BATON ROUGE, La. — Southern University System President Ronald Mason Jr. won’t seek or accept an extension of his contract when it expires next year, unless certain terms he has outlined are met.
The Advocate reports that the Southern Board of Supervisors will meet Saturday, and the extension of Mason’s contract, which expires June, 30, 2015, is on the meeting’s agenda.
“Absent the terms stated in my letter to you on June 27, 2014, copied to the entire Board, I do not seek, nor will I accept, appointment to the presidency of Southern beyond June 30, 2015,” Mason wrote in a letter to the board dated Aug. 18. The letter was circulated this week by leaders of the Southern University Faculty Senate — frequent critics of Mason.
In an email to The Advocate, Mason said Wednesday that the letter is part of an ongoing conversation with the board and a reminder. “I was reminding the board that there were certain conditions that would have to be met for me to accept a reappointment, if offered,” Mason wrote.
The terms outlined in the June letter include the board agreeing to a strategic agenda to make Southern University’s Baton Rouge campus a top five historically Black university and top 200 public universities nationally within seven years. Mason wants the ability to hire a team of employees and consultants as he deems necessary to reach that goal.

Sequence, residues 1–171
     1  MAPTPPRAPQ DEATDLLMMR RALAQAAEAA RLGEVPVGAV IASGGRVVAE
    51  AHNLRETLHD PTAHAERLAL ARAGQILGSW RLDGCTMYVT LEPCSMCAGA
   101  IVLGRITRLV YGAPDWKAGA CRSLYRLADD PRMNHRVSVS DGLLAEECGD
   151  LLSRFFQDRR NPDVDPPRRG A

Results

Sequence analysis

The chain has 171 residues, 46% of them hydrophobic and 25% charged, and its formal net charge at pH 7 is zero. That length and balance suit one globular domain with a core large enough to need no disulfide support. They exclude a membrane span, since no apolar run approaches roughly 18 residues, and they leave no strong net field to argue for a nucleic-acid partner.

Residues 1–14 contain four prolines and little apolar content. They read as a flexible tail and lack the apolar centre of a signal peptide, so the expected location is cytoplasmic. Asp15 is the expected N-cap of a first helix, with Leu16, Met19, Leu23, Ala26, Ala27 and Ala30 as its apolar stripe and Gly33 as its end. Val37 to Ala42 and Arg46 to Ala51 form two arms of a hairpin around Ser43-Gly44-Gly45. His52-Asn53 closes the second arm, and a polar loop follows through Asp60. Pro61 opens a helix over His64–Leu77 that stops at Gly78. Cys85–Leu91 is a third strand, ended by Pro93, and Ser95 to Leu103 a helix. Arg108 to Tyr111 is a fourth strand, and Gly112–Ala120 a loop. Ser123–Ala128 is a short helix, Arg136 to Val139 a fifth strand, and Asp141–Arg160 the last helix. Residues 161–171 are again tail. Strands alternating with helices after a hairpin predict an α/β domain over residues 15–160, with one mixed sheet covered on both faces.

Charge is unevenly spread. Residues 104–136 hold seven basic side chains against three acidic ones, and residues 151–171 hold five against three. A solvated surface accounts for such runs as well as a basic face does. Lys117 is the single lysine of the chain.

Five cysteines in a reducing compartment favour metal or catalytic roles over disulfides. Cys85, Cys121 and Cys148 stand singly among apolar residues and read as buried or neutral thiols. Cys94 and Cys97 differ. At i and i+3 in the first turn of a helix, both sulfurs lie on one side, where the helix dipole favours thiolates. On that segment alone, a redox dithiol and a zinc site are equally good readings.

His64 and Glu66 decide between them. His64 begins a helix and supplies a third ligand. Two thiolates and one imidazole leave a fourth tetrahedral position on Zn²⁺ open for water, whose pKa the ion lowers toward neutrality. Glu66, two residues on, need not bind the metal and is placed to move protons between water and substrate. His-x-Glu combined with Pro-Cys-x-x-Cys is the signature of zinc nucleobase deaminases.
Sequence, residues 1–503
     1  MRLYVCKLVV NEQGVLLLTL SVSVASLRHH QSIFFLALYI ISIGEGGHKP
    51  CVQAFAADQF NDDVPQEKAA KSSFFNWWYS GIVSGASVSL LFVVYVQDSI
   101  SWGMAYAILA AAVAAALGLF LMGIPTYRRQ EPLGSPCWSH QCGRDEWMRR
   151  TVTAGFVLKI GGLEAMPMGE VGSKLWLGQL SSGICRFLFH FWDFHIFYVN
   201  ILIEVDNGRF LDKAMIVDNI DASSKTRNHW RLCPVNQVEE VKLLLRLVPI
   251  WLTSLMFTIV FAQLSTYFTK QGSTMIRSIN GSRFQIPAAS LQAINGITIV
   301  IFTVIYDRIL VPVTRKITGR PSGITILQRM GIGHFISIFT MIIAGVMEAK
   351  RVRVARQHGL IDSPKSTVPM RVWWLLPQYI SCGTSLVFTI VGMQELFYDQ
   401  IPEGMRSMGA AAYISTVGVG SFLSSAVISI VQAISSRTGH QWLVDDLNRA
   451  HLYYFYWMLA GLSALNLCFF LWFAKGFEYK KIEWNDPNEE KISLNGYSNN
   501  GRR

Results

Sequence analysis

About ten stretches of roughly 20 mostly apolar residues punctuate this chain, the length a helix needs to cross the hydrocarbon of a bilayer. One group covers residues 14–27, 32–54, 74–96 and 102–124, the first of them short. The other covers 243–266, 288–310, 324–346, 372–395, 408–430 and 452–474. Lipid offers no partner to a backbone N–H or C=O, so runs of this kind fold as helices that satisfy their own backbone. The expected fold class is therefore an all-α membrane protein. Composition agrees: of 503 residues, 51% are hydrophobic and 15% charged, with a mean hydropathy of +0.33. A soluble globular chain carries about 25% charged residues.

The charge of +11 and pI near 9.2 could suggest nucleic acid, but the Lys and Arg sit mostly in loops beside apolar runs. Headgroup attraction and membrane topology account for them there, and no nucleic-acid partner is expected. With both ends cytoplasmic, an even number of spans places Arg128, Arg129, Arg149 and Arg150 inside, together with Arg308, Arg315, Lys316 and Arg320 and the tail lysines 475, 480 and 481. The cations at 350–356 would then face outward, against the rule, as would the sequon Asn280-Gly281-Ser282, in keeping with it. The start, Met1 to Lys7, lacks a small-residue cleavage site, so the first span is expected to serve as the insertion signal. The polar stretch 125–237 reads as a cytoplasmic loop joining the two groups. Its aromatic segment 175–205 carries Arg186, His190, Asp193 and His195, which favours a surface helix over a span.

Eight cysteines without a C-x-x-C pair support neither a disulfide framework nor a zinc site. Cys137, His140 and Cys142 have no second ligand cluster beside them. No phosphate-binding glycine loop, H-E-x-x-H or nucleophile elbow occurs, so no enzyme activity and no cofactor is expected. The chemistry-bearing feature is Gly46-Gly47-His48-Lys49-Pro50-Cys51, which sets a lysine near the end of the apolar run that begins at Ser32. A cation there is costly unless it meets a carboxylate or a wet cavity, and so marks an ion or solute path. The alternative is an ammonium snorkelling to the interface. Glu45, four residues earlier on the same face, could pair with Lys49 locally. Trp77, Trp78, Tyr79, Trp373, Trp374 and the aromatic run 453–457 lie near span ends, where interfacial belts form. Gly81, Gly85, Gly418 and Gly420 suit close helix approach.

“I will be allowed, within available resources, to bring together a team of employees and consultants, organized as I deem necessary, to do the work,” Mason wrote.
Mason has pushed for the consolidation of the president and chancellor roles at Southern University, much like LSU’s recent merger of the positions. Mason wrote he would be willing to serve in a new dual administrative role, but only for three years — no fewer, no more — in the June 27 letter.
Former Chancellor James Llorens’ contract expired at the end of June, and the Southern System board recently named longtime finance administrator Flandus McClinton Jr. to serve as interim chancellor.
If Mason’s contract isn’t extended — either solely as president or in a new dual role — the contract stipulates that he’ll still have a job at the school as a tenured full-time professor at the Southern University Law Center, with a salary calculated as the average of the three highest-paid professors at the law school starting fall 2015.